Figure 17-5 This young man with severe Charcot-Marie-Tooth disease has bilateral cavovarus feet (A) with clawing of his fingers (B). (Used with the permission of the University of Wisconsin Division of Pediatric Orthopaedics.)

Duchenne Muscular Dystrophy

Duchenne is the most common of the muscular dystrophies, and many other types of muscular dystrophy are less severe. The level of creatine phosphokinase (CPK) may be 20 to 200 times normal in children with DMD but can be elevated for patients with other forms of muscular dystrophy as well as many other types of muscle disease. The CPK may be elevated by birth in normal children, but should return to normal quickly. DMD is not that rare, occurring in 1 in 3500 births, so there is a good chance most orthopaedic surgeons will encounter a new patient at some point in their career. While DMD is X-linked and thus occurs only in boys, it can occur in a child with Turner syndrome (XO), and other forms of muscular dystrophies can occur in girls. Rarely, girls can prevent with a DMD phenotype in the setting of the Lyon hypothesis, in which there is inactivation of one of the two X chromosomes. Mental retardation may be present; just because a boy has mental retardation doesn’t mean he doesn’t have muscular dystrophy. Perhaps the greatest way to stay out of trouble in DMD is to make it a practice to do Gower’s test on all 3- to 6-year-old boys with gait abnormalities other than torsion (see Fig. 2-1 in Chapter 2).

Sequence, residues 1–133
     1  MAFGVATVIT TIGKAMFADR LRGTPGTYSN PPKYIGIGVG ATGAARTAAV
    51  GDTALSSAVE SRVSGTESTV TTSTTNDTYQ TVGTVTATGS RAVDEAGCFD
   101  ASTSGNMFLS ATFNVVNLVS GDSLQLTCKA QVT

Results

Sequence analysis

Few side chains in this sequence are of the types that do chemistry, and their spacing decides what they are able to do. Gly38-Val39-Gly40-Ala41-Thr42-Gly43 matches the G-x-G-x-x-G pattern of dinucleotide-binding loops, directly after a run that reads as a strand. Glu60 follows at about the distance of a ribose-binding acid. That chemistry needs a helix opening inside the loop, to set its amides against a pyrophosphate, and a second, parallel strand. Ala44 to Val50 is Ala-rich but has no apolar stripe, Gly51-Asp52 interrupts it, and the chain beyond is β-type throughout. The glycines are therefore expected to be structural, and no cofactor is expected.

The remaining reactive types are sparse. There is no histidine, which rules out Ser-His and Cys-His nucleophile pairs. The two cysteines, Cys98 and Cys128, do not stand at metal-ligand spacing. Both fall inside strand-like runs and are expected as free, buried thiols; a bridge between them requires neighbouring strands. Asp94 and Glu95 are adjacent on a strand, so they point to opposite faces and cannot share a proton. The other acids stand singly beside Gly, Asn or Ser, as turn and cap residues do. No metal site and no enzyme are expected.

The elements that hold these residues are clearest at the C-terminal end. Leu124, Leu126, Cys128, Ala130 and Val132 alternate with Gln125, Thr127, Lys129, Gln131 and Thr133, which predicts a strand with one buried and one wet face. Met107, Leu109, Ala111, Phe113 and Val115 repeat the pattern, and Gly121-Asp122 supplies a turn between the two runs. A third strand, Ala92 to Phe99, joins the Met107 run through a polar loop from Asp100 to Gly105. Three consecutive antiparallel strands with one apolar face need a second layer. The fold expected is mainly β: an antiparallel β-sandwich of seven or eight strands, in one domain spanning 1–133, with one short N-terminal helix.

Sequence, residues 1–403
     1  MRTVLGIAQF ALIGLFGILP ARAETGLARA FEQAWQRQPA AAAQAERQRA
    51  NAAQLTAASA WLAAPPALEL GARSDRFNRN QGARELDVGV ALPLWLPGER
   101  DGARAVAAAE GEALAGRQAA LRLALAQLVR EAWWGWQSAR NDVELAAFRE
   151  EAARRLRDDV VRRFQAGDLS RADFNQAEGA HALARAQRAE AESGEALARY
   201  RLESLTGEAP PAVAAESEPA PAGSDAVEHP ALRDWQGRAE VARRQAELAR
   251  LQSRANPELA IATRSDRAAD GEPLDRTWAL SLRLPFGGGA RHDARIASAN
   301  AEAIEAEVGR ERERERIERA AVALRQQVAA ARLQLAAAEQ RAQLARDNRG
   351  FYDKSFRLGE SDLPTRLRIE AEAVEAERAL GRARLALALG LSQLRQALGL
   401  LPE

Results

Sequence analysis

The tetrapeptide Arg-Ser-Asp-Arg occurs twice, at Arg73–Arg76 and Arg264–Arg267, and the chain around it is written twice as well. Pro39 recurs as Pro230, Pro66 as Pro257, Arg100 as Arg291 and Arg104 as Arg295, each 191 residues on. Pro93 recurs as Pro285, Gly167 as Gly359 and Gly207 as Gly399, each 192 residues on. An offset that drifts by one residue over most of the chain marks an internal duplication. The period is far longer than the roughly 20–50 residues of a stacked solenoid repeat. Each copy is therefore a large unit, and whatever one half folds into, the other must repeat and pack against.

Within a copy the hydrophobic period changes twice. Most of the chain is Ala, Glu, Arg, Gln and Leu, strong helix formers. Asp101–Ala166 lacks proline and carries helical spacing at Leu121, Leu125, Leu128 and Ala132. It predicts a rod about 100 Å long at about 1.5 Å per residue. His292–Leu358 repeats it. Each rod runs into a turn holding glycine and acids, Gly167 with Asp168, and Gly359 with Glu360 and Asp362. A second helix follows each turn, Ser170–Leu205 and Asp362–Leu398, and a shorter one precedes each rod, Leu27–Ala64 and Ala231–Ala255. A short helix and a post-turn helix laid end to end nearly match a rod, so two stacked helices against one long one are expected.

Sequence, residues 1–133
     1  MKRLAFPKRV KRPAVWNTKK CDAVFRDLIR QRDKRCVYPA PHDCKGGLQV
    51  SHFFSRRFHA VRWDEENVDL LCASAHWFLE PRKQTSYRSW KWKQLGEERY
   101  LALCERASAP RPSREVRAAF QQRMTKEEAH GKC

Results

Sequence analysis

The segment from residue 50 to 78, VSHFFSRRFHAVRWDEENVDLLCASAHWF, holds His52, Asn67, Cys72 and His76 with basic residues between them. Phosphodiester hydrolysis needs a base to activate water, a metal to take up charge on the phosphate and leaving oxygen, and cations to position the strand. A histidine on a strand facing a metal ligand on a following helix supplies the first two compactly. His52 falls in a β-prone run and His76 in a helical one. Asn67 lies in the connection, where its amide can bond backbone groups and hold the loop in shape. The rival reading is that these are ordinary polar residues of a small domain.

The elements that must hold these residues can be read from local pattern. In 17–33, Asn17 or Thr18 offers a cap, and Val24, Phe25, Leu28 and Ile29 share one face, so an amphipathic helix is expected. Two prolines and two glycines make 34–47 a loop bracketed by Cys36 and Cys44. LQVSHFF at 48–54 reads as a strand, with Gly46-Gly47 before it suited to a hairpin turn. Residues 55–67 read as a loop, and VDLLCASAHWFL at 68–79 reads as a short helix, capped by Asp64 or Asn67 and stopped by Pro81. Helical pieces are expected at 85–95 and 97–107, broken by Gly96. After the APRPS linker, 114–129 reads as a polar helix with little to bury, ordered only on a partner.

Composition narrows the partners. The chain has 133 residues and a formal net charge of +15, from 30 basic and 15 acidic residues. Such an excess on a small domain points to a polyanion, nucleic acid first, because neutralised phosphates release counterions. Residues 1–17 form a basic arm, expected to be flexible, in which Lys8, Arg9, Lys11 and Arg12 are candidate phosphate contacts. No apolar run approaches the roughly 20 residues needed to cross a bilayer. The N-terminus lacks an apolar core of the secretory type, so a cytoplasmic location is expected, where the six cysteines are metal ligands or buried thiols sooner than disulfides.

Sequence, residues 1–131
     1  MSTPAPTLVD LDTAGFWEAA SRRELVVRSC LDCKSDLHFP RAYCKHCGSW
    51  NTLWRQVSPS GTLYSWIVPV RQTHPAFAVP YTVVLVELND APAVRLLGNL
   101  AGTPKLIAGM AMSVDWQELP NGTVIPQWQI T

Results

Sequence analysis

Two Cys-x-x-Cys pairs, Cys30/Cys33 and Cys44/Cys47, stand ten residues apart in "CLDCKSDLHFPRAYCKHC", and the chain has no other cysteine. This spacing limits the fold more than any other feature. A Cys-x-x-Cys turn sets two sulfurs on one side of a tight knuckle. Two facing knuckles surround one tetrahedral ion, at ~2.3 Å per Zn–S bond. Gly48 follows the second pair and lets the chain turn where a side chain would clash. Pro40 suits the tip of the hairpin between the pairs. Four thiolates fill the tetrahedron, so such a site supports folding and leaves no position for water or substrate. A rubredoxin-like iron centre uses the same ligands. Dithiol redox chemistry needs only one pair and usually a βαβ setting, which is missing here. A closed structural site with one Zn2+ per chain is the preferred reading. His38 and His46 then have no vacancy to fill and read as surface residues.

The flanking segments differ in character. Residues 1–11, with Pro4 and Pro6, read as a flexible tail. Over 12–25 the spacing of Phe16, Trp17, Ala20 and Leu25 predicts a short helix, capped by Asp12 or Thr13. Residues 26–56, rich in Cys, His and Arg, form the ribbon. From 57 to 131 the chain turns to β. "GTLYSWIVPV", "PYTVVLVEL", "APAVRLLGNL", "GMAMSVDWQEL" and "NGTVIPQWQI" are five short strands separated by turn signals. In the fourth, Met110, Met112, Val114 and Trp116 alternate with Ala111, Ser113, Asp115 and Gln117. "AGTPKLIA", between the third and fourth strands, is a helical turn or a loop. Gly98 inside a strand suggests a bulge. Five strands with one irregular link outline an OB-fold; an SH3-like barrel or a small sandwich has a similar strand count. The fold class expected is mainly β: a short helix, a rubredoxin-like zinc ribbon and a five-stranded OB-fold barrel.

Figure 17-6 Pseudohypertrophy of the calf in the setting of weakness suggests Duchenne muscular dystrophy.

Only gold members can continue reading. Log In or Register to continue

Jan 30, 2021 | Posted by in ORTHOPEDIC | Comments Off on Other Neuromuscular Conditions and Spina Bifida

Full access? Get Clinical Tree

Get Clinical Tree app for offline access